threaten inmates’ health to violate the Eighth Amendment.”); Del Raine v. Williford,
32 F.3d 1024, 1031, 1034 (7th Cir. 1994) (concluding that even short exposure to bitter
cold may violate Eighth Amendment). The district court also reasoned that Chatman’s
allegations do not plausibly suggest that the defendants lacked a legitimate penological
reason for shackling him outside in the cold. To the contrary, we have difficulty
imagining a legitimate reason for taking prisoners outside in freezing, windy weather
without letting them don coats or even put on all the clothes they were wearing before
they were searched and then dousing them with water while they stand handcuffed to a
fence incapable of warming themselves or even getting out of the path of the windblown water. As Chatman observes, the shakedown was scheduled, not conducted under
extenuating circumstances, eroding further any possible inference that what happened
to the inmates outside in the yard was necessary or acceptable. The defendants may
dispute some of Chatman’s allegations. Or perhaps they will articulate a latent but
justifiable reason for their actions, and, if so, the burden will shift to Chatman to call
that explanation into question. See Mays, 575 F.3d at 647. But at this stage Chatman’s
allegations suffice to state an Eighth Amendment claim.
That is true, too, about the strip search. The district court faulted Chatman for
not including in his complaint more details concerning the manner in which the
strip search was conducted and the length of time he was denied cleaning supplies. Yet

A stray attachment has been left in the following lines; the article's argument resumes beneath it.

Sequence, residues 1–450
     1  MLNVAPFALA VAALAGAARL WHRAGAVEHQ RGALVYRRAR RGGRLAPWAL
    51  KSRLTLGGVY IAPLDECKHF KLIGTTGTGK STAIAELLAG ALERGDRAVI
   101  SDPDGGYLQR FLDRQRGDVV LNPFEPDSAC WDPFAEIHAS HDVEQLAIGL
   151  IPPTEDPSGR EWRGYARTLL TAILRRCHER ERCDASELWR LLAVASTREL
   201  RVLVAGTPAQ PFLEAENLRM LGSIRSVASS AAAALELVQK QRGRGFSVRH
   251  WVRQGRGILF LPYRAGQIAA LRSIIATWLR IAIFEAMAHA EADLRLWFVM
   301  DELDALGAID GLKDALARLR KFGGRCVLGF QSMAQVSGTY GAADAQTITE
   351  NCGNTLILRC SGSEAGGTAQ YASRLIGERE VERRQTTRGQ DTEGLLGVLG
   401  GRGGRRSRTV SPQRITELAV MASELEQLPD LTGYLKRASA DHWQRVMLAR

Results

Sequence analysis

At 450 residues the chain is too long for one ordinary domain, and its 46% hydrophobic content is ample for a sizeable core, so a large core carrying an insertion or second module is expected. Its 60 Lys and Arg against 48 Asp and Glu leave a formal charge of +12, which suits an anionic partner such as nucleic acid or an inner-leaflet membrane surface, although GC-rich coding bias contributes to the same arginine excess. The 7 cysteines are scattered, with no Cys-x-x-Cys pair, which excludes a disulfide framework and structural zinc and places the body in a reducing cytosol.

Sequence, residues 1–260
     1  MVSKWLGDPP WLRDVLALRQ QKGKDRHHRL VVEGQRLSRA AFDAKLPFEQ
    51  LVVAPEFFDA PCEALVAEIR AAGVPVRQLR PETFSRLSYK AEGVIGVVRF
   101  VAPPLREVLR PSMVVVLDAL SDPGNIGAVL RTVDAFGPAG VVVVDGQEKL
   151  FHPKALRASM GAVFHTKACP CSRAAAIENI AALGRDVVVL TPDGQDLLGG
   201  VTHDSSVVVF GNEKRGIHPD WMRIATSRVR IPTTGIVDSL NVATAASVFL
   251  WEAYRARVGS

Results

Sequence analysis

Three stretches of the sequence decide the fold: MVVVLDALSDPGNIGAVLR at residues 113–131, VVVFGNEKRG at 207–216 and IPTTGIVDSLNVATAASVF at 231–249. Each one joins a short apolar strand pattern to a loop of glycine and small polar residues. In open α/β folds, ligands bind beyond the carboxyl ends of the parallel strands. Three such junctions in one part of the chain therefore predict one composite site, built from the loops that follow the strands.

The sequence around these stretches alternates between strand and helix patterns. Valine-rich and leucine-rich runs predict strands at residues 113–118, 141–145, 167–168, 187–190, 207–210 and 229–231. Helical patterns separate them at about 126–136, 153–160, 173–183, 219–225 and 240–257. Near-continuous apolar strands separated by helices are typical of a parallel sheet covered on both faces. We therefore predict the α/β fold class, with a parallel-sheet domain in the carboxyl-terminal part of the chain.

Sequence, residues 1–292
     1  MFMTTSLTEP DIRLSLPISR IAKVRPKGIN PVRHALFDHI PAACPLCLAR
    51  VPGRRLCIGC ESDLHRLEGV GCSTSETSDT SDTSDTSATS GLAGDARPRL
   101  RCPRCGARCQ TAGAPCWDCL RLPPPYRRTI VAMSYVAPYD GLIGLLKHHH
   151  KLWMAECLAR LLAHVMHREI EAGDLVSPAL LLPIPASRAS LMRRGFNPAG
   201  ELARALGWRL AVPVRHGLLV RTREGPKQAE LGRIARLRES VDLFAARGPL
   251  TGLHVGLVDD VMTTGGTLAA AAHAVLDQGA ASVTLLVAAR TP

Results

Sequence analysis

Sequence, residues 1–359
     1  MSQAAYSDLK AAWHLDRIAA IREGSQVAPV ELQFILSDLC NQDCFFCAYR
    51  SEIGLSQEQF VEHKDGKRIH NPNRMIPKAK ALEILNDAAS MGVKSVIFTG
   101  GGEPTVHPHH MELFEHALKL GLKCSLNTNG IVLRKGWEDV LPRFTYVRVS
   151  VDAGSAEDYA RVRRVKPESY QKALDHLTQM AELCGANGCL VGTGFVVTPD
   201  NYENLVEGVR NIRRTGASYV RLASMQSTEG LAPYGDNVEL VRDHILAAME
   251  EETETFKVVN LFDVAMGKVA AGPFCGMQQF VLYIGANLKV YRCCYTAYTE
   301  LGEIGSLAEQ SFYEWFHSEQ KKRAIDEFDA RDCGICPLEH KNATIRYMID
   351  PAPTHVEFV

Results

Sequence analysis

a complaint requires only a “short and plain statement,” not details, FED. R. CIV.
P. 8(a)(2), and Chatman’s complaint says more than enough from which to plausibly
infer that this was not an ordinary strip search. See Mays, 575 F.3d at 649–50; Calhoun,
319 F.3d at 939; Meriwether v. Faulkner, 821 F.2d 408, 418 (7th Cir. 1987). Moreover, if a
pro se complaint really is too sparse, the district court should allow the plaintiff to
amend to cure the perceived deficiency before dismissing the action with prejudice.
Perez v. Fenoglio, 792 F.3d 768, 783 (7th Cir. 2015); Powers v. Snyder, 484 F.3d 929, 933 (7th
Cir. 2007). That did not happen here.
Accordingly, the judgment dismissing Chatman’s lawsuit is VACATED, and the
case is REMANDED for further proceedings. Given this result Chatman has not
incurred any strikes for this litigation. See 28 U.S.C. § 1915(g). On remand Chatman
shall be permitted, if he chooses, to amend his complaint “once as a matter of course”
and thereafter as justice requires. See FED. R. CIV. P. 15(a).